Jennifer Pineda | Bremen, Germany | Post 4
As part of my European Healthcare and Welfare class, we took an excursion to Bremerhaven, a port city in Germany. We had the opportunity to meet with Dr. med. Gábor Keresztury, who is the chief physician of the vascular surgery clinic at Ameos Klinikum St. Joseph Bremerhaven. The topic of our class was the medical profession, so we met with this doctor to shed some light on how he became a doctor and his experiences in the European healthcare system.
This day had been hectic because prior to this specific class, a good majority of us had a biochemistry test. We were going to definitely cut it close with finishing the test and making our trains. Thankfully, our test was cut short to give us enough time. In the 15-20 minutes we had afterwards, we had to quickly grab a bite to eat and make our way to the train stop about an eight minutes’ walk away. As we waited for our train, our professors alerted us that as soon as we made our first stop, we would need to hurry and run down the stairs and make our way to the platform on the furthest side of the train stop. It was definitely a memorable experience, as we just arrived on the right platform a minute before our train to Bremerhaven arrived.
The hospital staff was very generous in their accommodations for this meeting. They had prepared cookies and small treats along with refreshments, which was a great relief for those who did not have lunch. As we settled in, we first heard from a fellow student who gave a brief description of the medical profession over history in the EU as well as the U.S. We were then introduced to Dr. Keresztury. Hearing Dr. Keresztury’s life story and his responsibilities as chief physician definitely provided valuable insight into how people manage their work and home life. In the case of Dr. Keresztury, he made it clear that his work was the priority. Shockingly, however, he was unapologetic in spending more time at work than with his family. He explained that his family moved whenever his job required him to. This was done at the expense of his ex-wife’s career as a daycare teacher. Though economically this sacrifice is understandable, I felt that his lack of presence in his family life affected his relationship with his children more than he let on and probably resulted in his divorce. For us female pre-med students, we felt as though choosing between career and family would be more difficult. Unfortunately, there was no female doctor present that we could confer with to determine how a woman’s choice would be different in this matter. There was, however, a younger male doctor who explained that he does spend more time with his young children, contrary to Dr. Keresztury’s experience with his own children. This gave us some hope that we wouldn’t have to be barred between choosing starting a family and building a successful career.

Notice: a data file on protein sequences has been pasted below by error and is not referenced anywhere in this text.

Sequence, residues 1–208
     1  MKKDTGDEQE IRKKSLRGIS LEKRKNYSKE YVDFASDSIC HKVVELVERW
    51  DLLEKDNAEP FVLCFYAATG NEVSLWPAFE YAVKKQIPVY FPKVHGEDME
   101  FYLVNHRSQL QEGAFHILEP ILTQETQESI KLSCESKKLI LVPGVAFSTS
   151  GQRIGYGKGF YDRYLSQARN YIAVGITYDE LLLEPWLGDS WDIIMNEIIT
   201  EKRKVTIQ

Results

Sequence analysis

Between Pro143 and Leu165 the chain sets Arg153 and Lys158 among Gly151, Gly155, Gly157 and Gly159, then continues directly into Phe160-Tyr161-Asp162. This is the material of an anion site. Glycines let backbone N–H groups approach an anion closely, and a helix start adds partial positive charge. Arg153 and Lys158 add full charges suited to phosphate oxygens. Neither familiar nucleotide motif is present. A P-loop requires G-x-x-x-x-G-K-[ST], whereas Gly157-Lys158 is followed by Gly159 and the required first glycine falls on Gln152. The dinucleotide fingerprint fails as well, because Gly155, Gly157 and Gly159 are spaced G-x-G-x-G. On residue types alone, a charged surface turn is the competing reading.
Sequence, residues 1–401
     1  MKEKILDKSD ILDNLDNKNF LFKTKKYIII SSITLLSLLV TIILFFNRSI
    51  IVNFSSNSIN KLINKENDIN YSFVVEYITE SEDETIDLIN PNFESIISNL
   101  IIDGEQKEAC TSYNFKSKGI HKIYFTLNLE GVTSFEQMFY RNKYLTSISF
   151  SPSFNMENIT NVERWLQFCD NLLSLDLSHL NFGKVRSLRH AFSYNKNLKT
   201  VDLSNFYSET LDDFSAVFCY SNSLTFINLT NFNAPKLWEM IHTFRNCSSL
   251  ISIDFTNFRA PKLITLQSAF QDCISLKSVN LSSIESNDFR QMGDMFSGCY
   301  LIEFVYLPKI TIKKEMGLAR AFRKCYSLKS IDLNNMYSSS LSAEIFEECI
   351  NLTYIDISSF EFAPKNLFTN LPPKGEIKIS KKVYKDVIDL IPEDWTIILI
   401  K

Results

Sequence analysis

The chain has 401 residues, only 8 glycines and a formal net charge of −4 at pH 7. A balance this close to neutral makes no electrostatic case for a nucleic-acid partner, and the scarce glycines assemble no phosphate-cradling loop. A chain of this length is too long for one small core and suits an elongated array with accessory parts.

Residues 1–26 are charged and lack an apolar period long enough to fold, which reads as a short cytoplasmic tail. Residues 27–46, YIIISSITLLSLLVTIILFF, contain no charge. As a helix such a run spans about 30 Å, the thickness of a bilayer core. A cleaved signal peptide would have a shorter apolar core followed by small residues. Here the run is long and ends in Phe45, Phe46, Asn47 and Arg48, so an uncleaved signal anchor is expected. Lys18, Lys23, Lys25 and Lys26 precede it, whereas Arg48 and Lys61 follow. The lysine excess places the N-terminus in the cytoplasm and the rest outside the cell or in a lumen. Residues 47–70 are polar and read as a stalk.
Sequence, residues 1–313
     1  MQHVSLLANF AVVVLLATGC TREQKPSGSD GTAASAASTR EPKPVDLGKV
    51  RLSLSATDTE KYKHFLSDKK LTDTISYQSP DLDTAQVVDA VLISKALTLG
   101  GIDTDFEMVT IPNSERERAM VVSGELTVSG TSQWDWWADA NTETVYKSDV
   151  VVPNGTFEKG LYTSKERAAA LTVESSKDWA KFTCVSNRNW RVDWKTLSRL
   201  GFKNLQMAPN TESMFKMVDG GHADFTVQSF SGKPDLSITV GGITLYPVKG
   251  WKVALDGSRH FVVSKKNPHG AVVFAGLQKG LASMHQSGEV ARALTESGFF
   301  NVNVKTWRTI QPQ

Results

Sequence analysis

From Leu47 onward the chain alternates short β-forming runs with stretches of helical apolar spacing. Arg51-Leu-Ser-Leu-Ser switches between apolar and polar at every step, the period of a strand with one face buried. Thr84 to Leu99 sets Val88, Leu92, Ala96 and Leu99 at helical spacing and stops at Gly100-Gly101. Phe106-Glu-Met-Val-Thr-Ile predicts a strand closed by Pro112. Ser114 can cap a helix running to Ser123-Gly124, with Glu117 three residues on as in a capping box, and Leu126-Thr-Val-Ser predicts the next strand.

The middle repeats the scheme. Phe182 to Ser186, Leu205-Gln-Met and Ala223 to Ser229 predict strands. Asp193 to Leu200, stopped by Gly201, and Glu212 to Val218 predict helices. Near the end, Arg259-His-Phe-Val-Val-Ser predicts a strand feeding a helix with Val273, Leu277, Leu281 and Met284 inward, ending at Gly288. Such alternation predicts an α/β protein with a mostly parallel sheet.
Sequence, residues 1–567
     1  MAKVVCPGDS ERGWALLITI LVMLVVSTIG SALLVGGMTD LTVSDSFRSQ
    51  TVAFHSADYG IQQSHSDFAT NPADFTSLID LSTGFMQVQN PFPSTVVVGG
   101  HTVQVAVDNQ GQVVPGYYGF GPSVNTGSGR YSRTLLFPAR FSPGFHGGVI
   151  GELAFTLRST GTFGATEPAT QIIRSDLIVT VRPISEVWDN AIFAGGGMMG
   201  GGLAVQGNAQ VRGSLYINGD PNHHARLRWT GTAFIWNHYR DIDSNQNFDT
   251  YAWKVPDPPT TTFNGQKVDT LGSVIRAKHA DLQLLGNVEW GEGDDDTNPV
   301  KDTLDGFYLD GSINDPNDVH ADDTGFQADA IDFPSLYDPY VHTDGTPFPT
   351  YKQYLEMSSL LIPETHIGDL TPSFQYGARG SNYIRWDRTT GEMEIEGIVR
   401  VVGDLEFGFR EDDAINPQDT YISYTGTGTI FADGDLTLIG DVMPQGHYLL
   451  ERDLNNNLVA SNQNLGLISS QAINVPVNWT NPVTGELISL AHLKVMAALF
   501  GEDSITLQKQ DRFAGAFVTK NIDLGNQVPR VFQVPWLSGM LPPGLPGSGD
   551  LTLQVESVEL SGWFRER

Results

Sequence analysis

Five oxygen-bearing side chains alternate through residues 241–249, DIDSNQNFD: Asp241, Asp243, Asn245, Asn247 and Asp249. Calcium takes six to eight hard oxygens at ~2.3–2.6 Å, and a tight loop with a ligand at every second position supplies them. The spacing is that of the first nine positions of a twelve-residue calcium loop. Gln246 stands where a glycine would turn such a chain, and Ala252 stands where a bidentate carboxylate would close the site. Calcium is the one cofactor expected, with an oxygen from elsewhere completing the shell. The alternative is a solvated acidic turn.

On a lighter note, the town of Bremen in which our university is located hosts a festival very similar to Munich’s Oktoberfest in the last two weeks of October. Known as Freimarkt, this festival/carnival is the most visited in northern Germany and one of the oldest, initially held in 1035. As one exits the Hauptbahnhof, one is greeted by various stalls selling food and drinks along with games. At night it is a sight to behold as each stall illuminates the night. A couple of friends and I visited on the last weekend as a nice little study break from all the midterm stress. If I had any doubt about how tall Germans were, they were completely erased after attempting to walk through crowds and being eye level with a sea of backs. Freimarkt is definitely reminiscent of American carnivals but even better with carts selling steaks and salmon. Fun fact: the roller coaster present at Oktoberfest is also at Freimarkt.
Though we weren’t able to trick or treat this year, we American students were invited to carve pumpkins, eat candy and play card games at a professor’s residence. To be honest, I had never carved a pumpkin before, so it was fun to explore this tradition for the first time.
Above are the pumpkins we carved on display outside the guest house on campus. Schrodinger’s cat makes a special appearance.
After nearly a month of waiting, I finally contacted my professor on the status of doing research with his lab group. His group primarily did food analysis, specifically coffee, tea and cocoa research. Having no previous research experience, my academic advisor recommended me to talk with this professor because it provides a good starting point to pinpoint my interests within the research field. Within the week I was assigned a PhD student with whom I would proceed to do research. Her project dealt with tea analysis. On my first day of research, we made origami boxes. On the second day, we grinded tea. On the third day, we sieved tea leaves. It’s been a great experience. 10/10 would recommend.
Tuesday, November 11 2016 was the first time I ever pulled an all-nighter. The following pictures show what ensued when college students don’t sleep and face the anxiety of what will be the next four years. Also, we had a German test the next day.